Our current exhibit, In A Different Light: Winslow Homer & Frederic Remington, explores some of the comparisons in the careers of these two iconic American artists. One of those parallels is that both Homer & Remington served as artist war correspondents: Homer in the Civil War and Remington in the Indian Wars in the Southwest and the Spanish American War in Cuba. The exposure to the realities of war made a lasting impression on both men. At the outset of the Civil War, Harper’s dispatched Homer to the frontlines in Virginia in 1861 to capture life on the battlefield. On [...]

18 11, 2020

Will the Cable Hold?

2021-03-23T20:10:58-05:00November 18th, 2020|0 Comments

Our current exhibit, In a Different Light: Winslow Homer & Frederic Remington, includes some artworks by Homer that focus on his seaside imagery. Homer often created scenes focusing on the forces of nature and dangers of the turbulent sea. Some artworks may include women looking anxiously out at sea, as in his 1888 etching Perils of the Sea, available to view through our virtual tour. Some artworks include scenes of near-drowned women, as in this 1887 etching The Life Line. Both prints are part of a group of etchings that Homer produced in the 1880s that closely followed his painted compositions. In The Life [...]

21 10, 2020

Nobody Can Soldier Without Coffee

2021-05-11T17:07:30-05:00October 21st, 2020|4 Comments

One of the similarities between Frederic Remington and Winslow Homer as demonstrated through our current exhibit, In a Different Light: Winslow Homer & Frederic Remington, is that both artists made their start as illustrators working for the popular magazines of the period (Harper’s Weekly, Scribner’s Monthly, etc). One of their key assignments was as war correspondents. Remington focused on the American Indian Wars in the Southwest and later the Spanish American War in Cuba. Being from an earlier generation, Homer focused on the American Civil War. In 1863, Homer partnered with Boston publisher Louis Prang (who is sometimes referred to as the “father of the American Christmas card”) in a [...]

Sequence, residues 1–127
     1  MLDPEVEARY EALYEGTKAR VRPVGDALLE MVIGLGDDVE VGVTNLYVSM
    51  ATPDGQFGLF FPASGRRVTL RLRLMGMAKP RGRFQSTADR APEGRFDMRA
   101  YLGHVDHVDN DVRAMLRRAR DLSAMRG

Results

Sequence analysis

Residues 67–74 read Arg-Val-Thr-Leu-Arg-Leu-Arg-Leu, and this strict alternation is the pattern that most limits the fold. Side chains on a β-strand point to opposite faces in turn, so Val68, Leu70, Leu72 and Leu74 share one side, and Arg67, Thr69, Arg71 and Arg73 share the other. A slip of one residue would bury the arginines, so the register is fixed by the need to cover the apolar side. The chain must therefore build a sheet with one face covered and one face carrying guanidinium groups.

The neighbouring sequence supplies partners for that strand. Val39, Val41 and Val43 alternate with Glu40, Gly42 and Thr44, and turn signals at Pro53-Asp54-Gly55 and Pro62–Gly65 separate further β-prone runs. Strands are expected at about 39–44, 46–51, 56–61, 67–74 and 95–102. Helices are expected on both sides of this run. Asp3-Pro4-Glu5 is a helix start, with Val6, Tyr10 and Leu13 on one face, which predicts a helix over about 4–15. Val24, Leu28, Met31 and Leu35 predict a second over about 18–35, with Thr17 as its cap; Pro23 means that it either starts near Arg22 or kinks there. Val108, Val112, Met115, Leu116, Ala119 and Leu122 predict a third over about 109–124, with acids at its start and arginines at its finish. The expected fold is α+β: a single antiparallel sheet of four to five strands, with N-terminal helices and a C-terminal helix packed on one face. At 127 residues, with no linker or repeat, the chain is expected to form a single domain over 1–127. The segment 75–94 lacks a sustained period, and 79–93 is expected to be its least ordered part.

19 08, 2020

Reduce, Reuse, Recycle: Cullercoats Fishergirls

2021-08-11T17:48:59-05:00August 19th, 2020|1 Comment

One of the themes of our current exhibition In a Different Light: Winslow Homer & Frederic Remington, is the exploration of both artists’ practice of repeating character types throughout their career. The exhibit includes a rotation of works on paper by Homer. One of the rotations features two works inspired by Homer’s visit to Cullercoats, England - Perils of the Sea (1888) and Scotch Mist (1883). Examination of the two artworks reveals Homer’s practice of reusing groupings of figures while reducing compositions to their essential story-telling elements.   Perils of the Sea | Winslow Homer | 1888 | Etching | Amon Carter Museum of American Art | 1983.58 Scotch Mist | Winslow Homer (1836-1910) | 1883 [...]

18 03, 2020

Who is Homer?

2021-10-25T15:16:18-05:00March 18th, 2020|0 Comments

Our current exhibit, In a Different Light, places the work by Frederic Remington alongside artworks by Winslow Homer. Our visitors and readers are likely familiar with Remington. But who was Homer? Winslow Homer (1836 - 1910) was one of the most popular and celebrated artists of late nineteenth-century America. A native of Boston, he was born the second of three brothers to Henrietta Benson and Charles Homer. Henrietta was herself a gifted watercolorist, and likely influenced her son to pursue artistic studies. Winslow Homer His earliest artistic training came in 1854 when Homer became an apprentice to the [...]